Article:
As America and now the world struggles to come to grips with the breadth and magnitude of Foreclosuregate, I urge everyone to read the very important letter below. This should help everyone to understand just what we are dealing with. After you read this indictment of our current foreclosure system, read the attachment below which are the letters Florida Attorney General just sent out to lenders across this country…it illustrates the terrible disconnect we now suffer…..
From a title standpoint the false affidavits and assignments are serious indictments, which when followed up the chain will reveal the fact that a horrible disconnect has happened to the usual, well balanced, real party in interest v. real party in interest relationship in contract relations. The foreclosing entities are disconnected proxies who feel no direct responsibility to the faceless horde of investors who own the loan. The proxies failure to disclose the real party in interest for whom they purport to act fails the legal chain of title needed at the get go. And it only gets worse as the case progresses leaving a broken chain and a dark cloud on title in the record The drive to cut corners and take short cuts with the law cannot be ignored by a thinly financed insurance industry whose low rates were adopted years before the advent of the securitized/MERS mortgage device.
It’s not so ironic that the business model employed now to enforce these mortgages is as sloppy in execution as the one that manufactured and sold these mortgages in the first place – and that is assuming the best of intentions.
Problem is, that title law does not like sloppy, nor should it insure it. Nor can it, really.
Title Integrity was risked, without risk premium, in the creation of these troublesome devices, then doubled down by insuring their horrible offspring.
And now we are beginning to see this downstream folly in action. The poorly written Taylor decision is a case in point.
Erroneous court decisions, and their failure to properly apply the law litter the vast landscape of our legal history. Reversals of our U.S. Supreme Court, by itself, years or decades later, is proof.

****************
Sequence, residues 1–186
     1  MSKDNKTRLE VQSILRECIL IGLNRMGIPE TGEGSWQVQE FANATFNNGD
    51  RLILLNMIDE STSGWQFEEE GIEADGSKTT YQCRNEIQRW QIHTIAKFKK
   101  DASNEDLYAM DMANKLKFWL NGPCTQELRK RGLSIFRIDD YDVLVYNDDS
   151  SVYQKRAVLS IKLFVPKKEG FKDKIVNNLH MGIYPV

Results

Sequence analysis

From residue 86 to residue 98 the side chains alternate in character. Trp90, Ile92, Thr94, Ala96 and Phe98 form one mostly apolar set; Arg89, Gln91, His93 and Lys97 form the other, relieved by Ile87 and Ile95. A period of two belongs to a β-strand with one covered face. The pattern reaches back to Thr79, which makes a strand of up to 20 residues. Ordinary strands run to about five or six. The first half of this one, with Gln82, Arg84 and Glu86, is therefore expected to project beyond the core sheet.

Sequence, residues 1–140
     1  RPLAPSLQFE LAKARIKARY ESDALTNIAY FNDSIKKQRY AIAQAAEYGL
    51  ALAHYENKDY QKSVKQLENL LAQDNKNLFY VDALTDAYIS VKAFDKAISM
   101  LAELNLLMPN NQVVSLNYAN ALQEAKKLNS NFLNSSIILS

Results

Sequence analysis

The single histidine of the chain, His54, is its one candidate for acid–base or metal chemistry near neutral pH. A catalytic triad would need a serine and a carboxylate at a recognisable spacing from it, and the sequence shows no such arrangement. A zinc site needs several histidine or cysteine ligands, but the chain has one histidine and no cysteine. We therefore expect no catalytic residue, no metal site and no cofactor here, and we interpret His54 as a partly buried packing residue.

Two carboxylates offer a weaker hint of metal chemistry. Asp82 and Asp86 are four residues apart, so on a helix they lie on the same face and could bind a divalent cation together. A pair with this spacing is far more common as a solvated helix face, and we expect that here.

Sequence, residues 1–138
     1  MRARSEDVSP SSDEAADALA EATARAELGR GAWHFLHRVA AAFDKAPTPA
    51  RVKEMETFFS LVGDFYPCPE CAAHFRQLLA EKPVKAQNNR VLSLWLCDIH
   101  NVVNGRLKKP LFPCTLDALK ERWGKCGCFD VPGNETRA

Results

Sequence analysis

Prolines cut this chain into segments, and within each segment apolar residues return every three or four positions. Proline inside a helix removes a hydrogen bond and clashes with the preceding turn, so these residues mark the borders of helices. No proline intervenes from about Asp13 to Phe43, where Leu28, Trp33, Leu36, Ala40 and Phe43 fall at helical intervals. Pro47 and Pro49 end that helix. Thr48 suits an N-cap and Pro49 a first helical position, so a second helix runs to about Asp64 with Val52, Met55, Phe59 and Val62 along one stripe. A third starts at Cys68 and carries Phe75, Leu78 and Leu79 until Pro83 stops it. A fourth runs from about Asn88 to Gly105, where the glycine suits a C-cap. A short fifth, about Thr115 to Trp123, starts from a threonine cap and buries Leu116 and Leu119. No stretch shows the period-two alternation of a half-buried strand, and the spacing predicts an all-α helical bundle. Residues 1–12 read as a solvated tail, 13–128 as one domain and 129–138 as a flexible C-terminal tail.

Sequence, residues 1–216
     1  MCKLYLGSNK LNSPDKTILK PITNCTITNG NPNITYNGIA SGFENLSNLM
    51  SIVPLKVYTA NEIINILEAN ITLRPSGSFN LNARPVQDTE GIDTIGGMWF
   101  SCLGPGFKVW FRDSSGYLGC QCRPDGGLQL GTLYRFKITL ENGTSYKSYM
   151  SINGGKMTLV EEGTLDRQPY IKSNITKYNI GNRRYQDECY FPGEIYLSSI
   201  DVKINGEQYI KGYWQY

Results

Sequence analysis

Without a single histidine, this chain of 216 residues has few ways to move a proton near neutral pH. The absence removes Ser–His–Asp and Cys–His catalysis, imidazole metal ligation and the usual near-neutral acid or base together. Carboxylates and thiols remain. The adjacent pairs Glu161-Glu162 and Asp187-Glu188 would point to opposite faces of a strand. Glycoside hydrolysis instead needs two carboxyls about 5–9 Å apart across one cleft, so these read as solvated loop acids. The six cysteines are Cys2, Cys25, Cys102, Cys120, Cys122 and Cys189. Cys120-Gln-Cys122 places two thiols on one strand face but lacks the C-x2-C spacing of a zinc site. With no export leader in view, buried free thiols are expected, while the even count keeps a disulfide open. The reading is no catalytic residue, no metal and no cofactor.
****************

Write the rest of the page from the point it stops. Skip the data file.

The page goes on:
We in the world of transactional/title law and insurance follow a different tune than the drumbeat of the latest questionable appellate decision. We know that the vast majority of the judges sitting on benches never closed a real estate transaction nor searched and put together a title chain, nor could they spot a cloud or defect. They certainly don’t know the difference between insurable versus marketable title.
But the market does.
We deal in a delicate and extremely conservative area of the law developed over nearly a 1,000 years of practice, process and tradition; We carry the history and weight of that developed law and its solid logic into the most important aspect of any transaction – the fundamental bedrock assumption underpinning its successful completion: clear and marketable title.
Every buyer presumes it.
But it does not exist in the context of these mass foreclosures, and remains in question as to those loans still out there, not yet in default.
So we do not accept bad or illogical decisions of courts if it conflicts with our learned perception of the law and acceptance of a risk assessment. We cannot be forced to write title.
But if we don’t write title most of the modern real estate world and our economic system will grind down to a halt.
Taylor’s presence now as bad precedent gives no shelter or safe harbor for any title underwriting decisions foolishly based on it. Instead it stands out like a sore thumb, a poster boy for a decision based on expediency not law or logic.
And the recent moratorium on foreclosure should be viewed as the smoke coming from a very serious fire.
Jurists Engaged in Defending Title Integrity